In Part 1 of this gun feature, we gave you a closer look at Century Arms’ Type II Sterling Carbine. Now hit the range and check out what we thought of how it fires!
It is possible to fire the Sterling—either the SMG or the Century Carbine—with the stock folded. However, since it is has a quite usable folding stock, I would not normally fire it as a big pistol; one exception could be when used from within a vehicle. Many years ago, I was training with a British unit that practiced counter-ambush/debus under fire drills with the Sterling, and did some firing within the vehicle with the stock folded. On one drill, the soldier in the front passenger seat fired his Sterling out of the window in bursts with the stock folded at a target about 10 meters away. I was in the back seat and fired my Browning Hi-Power at another target about the same distance. As I remember, we got about the same number of hits, but mine were better placed in center of mass.
After shooting it, it is my favorite full auto to semi auto conversion that I’ve tested over the last couple of years. Reliability was extremely good, as was accuracy. Very importantly, the trigger pull was good. Often on these conversions the trigger pull is atrocious, but that of the Sterling is more than acceptable.
British 9mm SMG ammo for the Sterling was always pretty hot. I have had some of it from time to time and was careful what handguns I fed with it. I did not have any special SMG ammo for use in testing the Sterling Carbine, however. Instead, I used Winchester white box 124 grain NATO loads. At 25 yards using the 100 meter aperture, groups were good, though low…but well centered. I also fired at a police silhouette target at 50 meters using the same aperture, and firing rapidly. I held my point of aim on the “chin” of the target and put 12 rounds in the “chest” area.
The full-length barrel shroud adds some weight, but the Century Sterling balances fairly well. I had to experiment to find where best to place my support hand for the ideal balance. Recoil was not noticeable. I did some firing at pepper poppers and plates at 25 and 35 yards and found that the Sterling handled fairly quickly. The sights are not of the modern fast acquisition type, so it did take me an instant each time I switched targets to get it in the aperture…but I got faster with practice.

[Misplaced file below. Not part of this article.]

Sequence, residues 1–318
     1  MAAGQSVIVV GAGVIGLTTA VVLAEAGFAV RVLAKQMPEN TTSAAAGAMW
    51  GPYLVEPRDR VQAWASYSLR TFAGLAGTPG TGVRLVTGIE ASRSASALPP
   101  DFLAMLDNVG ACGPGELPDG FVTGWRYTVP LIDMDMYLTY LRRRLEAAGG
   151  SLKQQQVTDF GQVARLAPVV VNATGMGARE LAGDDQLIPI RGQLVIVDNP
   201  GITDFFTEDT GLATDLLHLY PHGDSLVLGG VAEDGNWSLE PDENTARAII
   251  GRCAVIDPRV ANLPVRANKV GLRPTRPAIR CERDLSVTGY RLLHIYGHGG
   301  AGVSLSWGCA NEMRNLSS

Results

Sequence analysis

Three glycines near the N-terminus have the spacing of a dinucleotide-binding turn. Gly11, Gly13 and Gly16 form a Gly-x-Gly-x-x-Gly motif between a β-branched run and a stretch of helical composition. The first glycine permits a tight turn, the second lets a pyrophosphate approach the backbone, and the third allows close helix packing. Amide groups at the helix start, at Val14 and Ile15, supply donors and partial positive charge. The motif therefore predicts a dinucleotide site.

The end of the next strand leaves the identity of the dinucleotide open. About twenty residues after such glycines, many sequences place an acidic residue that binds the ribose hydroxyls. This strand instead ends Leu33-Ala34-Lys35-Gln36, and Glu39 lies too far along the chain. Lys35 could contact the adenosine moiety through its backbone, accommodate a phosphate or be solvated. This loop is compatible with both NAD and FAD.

MY FAVORITE CARBINE CONVERSION
The Century Sterling Carbine was reliable and reasonably accurate. Most of all, it was a lot of fun to shoot! I had loaded the two magazines supplied with the carbine with 32 rounds each the night before going to the range. I took along another 150 rounds of 9mm ammo, as I also planned to shoot one of my 9mm pistols. I reloaded one of the magazines twice and the other one once so I ended up firing 160 rounds through the Sterling. Back home, I was already planning to shoot it again on the next trip to the range.
I did, too, putting another 128 rounds through it. The only malfunctions I remember were caused by my not pulling the cocking handle all the way to the rear (which I did twice). If there were any others, they were not noteworthy, as I must have forgotten them in the weeks since I last shot the Sterling. Certainly, I remember it functioning reliably as I ran entire magazines through it quickly. I did not even clean the carbine after that first range session, though I did squirt a little oil on the bolt.
I have since cleaned the Century Sterling Carbine. It is not overly difficult, but I would recommend having a manual available. The complete manual is available online as a downloadable PDF file.
The Century Sterling is a gun for collectors to the extent that owning a real, registered Sterling is quite expensive. But most of all, the Century Sterling is a shooter. Its only downside is that if you purchase one, you’d better plan on spending quite a bit on 9mm ammo, as you will want to shoot it a lot! In fact, as soon as I finish this article, I’m going to get mine out of the safe and take it shooting!
Story & Photos by Leroy Thompson